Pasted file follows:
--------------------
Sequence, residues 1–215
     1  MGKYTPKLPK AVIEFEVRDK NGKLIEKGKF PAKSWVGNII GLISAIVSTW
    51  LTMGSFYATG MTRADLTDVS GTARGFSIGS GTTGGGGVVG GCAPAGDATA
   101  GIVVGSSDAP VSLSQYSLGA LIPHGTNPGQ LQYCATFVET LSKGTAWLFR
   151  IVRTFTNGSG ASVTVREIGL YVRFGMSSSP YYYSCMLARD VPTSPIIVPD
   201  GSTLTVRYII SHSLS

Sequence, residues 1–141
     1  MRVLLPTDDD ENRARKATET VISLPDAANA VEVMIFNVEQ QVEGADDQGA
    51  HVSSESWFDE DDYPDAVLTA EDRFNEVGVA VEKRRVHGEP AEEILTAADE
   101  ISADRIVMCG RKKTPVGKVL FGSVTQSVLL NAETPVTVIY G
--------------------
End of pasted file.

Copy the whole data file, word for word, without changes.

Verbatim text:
Sequence, residues 1–215
     1  MGKYTPKLPK AVIEFEVRDK NGKLIEKGKF PAKSWVGNII GLISAIVSTW
    51  LTMGSFYATG MTRADLTDVS GTARGFSIGS GTTGGGGVVG GCAPAGDATA
   101  GIVVGSSDAP VSLSQYSLGA LIPHGTNPGQ LQYCATFVET LSKGTAWLFR
   151  IVRTFTNGSG ASVTVREIGL YVRFGMSSSP YYYSCMLARD VPTSPIIVPD
   201  GSTLTVRYII SHSLS

Sequence, residues 1–141
     1  MRVLLPTDDD ENRARKATET VISLPDAANA VEVMIFNVEQ QVEGADDQGA
    51  HVSSESWFDE DDYPDAVLTA EDRFNEVGVA VEKRRVHGEP AEEILTAADE
   101  ISADRIVMCG RKKTPVGKVL FGSVTQSVLL NAETPVTVIY G